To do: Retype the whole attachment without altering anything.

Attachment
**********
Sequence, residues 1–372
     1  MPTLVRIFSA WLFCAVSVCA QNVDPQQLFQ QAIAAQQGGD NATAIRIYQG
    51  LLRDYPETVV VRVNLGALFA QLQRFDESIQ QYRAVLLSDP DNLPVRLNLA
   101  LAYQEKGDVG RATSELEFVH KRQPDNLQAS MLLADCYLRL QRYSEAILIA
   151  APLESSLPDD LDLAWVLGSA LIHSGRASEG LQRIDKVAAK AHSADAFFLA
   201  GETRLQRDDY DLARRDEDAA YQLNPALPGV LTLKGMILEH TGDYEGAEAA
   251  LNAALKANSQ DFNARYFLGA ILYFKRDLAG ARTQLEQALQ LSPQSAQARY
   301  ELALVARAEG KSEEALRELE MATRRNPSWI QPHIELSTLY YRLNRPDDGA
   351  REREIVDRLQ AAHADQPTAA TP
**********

Sequence, residues 1–372
     1  MPTLVRIFSA WLFCAVSVCA QNVDPQQLFQ QAIAAQQGGD NATAIRIYQG
    51  LLRDYPETVV VRVNLGALFA QLQRFDESIQ QYRAVLLSDP DNLPVRLNLA
   101  LAYQEKGDVG RATSELEFVH KRQPDNLQAS MLLADCYLRL QRYSEAILIA
   151  APLESSLPDD LDLAWVLGSA LIHSGRASEG LQRIDKVAAK AHSADAFFLA
   201  GETRLQRDDY DLARRDEDAA YQLNPALPGV LTLKGMILEH TGDYEGAEAA
   251  LNAALKANSQ DFNARYFLGA ILYFKRDLAG ARTQLEQALQ LSPQSAQARY
   301  ELALVARAEG KSEEALRELE MATRRNPSWI QPHIELSTLY YRLNRPDDGA
   351  REREIVDRLQ AAHADQPTAA TP